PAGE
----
"Somali pirates should be tried under watch of UN," Turkey says
www.chinaview.cn 2010-01-07 01:08:19   Print

    UNITED NATIONS, Jan. 6 (Xinhua) -- Suspected pirates off the coast of Somalia should be prosecuted under the supervision of the United Nations, according to a letter sent by Turkey to UN Secretary-General Ban Ki-moon and made public here on Wednesday.

    In the letter, Turkey's permanent representative to the UN, Ertugrul Apakan, suggested the formation of a judicial system to punish perpetrators and deter potential pirates from a life of criminality.

    "Turkey believes that it would be useful if a mechanism is put in place in one of the countries of the region, under the supervision of the United Nations, to effectively prosecute persons suspected of piracy and armed robbery at sea off the coast of Somalia," said Apakan.

    Currently, no clear legal regime exists to hold pirates off the coast of Somalia accountable. Normally, under the United Nations' Law of the Sea Treaty, Somalia would try its citizens. But Somalia never ratified the treaty, and is largely deemed a lawless nation without a viable government.

    To make do, countries like the United States and Britain have signed Memorandums of Understanding with the Kenyan court system to try suspected pirates in a kind of Hague international tribune.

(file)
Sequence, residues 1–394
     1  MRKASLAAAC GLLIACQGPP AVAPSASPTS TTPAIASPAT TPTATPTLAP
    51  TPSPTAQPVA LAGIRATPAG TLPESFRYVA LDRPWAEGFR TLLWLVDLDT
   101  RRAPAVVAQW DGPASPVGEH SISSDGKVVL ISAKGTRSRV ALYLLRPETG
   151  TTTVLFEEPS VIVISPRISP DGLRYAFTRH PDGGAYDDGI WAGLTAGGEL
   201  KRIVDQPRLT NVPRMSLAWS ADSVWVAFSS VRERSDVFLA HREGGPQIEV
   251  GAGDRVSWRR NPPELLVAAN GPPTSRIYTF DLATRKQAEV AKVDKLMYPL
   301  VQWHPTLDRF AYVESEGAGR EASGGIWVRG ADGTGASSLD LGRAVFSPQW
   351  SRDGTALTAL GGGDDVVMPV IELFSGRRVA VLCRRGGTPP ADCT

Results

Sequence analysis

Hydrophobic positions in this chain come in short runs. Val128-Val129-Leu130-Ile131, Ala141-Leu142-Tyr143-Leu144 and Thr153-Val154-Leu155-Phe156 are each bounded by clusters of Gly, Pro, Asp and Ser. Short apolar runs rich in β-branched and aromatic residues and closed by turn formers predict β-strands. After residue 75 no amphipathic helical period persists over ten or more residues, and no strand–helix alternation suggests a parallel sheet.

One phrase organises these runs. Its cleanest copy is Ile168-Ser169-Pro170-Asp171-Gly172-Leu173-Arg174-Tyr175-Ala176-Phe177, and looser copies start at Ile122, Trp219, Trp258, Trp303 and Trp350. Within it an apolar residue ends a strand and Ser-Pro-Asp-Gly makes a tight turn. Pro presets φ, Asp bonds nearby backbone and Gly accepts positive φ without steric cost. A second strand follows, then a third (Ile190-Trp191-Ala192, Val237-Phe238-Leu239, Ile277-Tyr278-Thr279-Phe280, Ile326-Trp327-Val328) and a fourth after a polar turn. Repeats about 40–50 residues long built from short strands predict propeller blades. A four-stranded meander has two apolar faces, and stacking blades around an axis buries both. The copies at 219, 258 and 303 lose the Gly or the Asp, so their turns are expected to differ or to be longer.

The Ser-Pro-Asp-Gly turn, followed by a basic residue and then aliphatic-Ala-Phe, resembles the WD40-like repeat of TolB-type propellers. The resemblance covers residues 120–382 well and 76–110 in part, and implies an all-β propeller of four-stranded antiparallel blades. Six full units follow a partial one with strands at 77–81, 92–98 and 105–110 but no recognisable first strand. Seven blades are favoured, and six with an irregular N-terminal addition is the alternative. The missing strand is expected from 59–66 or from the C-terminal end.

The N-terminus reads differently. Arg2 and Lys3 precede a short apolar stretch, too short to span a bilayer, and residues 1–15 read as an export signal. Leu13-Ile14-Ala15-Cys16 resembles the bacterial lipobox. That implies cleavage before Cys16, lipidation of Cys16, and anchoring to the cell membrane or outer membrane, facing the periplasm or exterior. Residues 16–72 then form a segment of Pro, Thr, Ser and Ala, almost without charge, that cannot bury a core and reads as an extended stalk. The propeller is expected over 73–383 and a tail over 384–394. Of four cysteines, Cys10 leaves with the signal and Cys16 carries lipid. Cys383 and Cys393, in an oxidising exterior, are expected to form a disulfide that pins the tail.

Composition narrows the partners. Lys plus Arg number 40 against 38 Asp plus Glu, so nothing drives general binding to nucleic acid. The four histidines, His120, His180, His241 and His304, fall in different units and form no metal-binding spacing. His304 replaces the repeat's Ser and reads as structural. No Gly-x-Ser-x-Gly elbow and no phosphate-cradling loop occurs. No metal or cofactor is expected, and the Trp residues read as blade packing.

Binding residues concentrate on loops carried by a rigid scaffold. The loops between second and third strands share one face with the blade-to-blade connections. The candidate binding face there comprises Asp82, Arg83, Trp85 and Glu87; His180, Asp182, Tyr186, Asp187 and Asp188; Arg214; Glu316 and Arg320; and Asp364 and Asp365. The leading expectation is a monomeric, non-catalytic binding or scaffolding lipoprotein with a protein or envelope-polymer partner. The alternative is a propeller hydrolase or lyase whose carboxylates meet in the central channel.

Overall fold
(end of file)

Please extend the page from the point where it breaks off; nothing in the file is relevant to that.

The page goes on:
But without a clear international legal framework, many countries, like Turkey, are calling for the United Nations to coordinate a comprehensive judicial mechanism.

    The increase in the number of pirate attacks in 2009 indicates the international community's failure to curb a growing threat to peace and security, said Apakan.

    "One of the main factors is undoubtedly the lack of capacity to detain and punish the perpetrators that are apprehended," he said.

    In 2009, pirates in the Gulf of Aden attacked 214 vessels, resulting in 47 hijackings, according to the Piracy Reporting Center of the International Maritime Bureau. As of Dec. 29, 12 of those ships, with a total of 263 crew members, were being held for ransom.

    In comparison, 111 ships were attacked in the region in 2008, according to the maritime bureau.

    Apakan said that thus far, four vessels owned by Turkish citizens and with Turkish crews have been kidnapped and held hostage by pirates while several other Turkish vessels have survived pirate attacks.

    "Being among those countries suffering from this scourge, Turkey deplores and condemns these acts," he said.

    Turkey is a founding member of the UN's Group on Piracy off the Coast of Somalia, which was created on Jan. 14, 2009. 

Editor: Mu Xuequan
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